Globally, public awareness of what governments, private sector, donors and individuals need to do to safeguard the environment and society is growing. A lot of progress has been realised to date but there is still room for everyone to do more. We in TMA support governments to ensure environmental and social considerations are incorporated in policies, legislation, regulations, incentives and supportive institutions to encourage and enable the private sector’s green and sustainable development efforts. By working together, the public, private and non-state actors can play a big role in catalyzing green initiatives and projects across different sectors in the region and have a transformational impact nationally and regionally. Further, as individuals, we can use our voice to advocate for sustainable growth approaches by all stakeholders in ensuring environmental sustainability, reduced inequalities, and enhanced climate resilience for a better future.

We in TMA are playing our part by convening with national authorities, institutions, private sector and international donors, to improve the well-being of the environment and society in all of our work. We have planned a Green Corridors Programme for the region aimed at contributing towards low-carbon and climate-resilient trade. Additionally, in line with the ongoing COVID-19 pandemic, we also launched a Safe Trade Emergency Facility (STEF) alongside this programme to urgently support East and Horn of Africa to make ports, borders and critical supply chains safe to trade. This will also support the region in adopting green recovery approaches post-COVID-19.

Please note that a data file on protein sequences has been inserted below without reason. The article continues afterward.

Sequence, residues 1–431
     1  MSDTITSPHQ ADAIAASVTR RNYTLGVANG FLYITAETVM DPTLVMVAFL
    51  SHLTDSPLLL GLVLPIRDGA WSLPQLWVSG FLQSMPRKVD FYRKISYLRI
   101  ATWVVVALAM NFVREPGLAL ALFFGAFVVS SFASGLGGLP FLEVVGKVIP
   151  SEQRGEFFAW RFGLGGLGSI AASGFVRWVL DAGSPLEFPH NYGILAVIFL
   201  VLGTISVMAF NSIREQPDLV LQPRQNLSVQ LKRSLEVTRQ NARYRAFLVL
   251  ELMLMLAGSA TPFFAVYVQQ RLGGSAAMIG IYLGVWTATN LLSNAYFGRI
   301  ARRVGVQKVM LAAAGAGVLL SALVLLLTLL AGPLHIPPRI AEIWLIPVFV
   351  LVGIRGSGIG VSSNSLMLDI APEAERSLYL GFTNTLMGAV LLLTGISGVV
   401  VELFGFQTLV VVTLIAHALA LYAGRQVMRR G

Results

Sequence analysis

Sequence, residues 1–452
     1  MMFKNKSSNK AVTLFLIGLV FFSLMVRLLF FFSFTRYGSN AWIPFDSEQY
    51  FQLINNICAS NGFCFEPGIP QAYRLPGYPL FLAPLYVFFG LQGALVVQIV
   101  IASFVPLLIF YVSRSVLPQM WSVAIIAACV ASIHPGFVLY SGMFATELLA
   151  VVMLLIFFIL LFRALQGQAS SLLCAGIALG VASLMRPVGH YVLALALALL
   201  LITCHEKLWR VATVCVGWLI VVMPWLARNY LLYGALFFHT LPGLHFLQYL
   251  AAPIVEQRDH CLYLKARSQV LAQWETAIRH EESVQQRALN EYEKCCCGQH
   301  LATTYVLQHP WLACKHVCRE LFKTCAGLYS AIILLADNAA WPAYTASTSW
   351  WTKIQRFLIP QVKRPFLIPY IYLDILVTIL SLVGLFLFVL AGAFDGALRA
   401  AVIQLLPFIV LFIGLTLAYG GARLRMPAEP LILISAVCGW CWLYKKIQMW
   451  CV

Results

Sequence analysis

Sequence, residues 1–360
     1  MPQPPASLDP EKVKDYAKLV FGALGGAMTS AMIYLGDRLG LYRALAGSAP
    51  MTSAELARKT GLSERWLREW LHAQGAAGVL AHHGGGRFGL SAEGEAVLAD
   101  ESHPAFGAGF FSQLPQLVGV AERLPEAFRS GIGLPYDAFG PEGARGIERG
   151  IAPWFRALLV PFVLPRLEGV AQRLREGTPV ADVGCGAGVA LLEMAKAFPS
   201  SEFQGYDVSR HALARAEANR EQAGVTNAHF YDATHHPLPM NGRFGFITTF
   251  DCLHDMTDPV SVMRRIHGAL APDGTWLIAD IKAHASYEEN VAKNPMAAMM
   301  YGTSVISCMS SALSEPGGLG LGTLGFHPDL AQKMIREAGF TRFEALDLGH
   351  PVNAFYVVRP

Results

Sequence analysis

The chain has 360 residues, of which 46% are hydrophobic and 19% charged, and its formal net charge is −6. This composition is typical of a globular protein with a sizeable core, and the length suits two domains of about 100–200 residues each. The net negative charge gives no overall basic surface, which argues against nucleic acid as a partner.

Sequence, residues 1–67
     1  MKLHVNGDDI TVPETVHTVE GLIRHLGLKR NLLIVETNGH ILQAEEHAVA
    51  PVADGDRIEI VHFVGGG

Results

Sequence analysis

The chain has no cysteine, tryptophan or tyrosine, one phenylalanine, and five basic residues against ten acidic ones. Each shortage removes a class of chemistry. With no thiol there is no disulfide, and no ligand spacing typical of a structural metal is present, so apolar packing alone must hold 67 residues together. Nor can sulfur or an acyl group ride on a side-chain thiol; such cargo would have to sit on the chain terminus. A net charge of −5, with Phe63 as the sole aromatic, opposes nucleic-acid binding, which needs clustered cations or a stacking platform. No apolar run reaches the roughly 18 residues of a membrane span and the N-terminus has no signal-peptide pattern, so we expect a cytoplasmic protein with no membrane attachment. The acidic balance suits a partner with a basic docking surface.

As we get used to the “new normal” we must always remember that the planet’s health is strongly linked to our health making it necessary to place sustainability principles at the heart of all decision making even as countries undergo their economic recovery. We fully support and advocate for recovery efforts achieved by boosting green trade in the region. The question is, will you join us?

Dennis Maina, Environment& Climate Change Expert at TradeMark Africa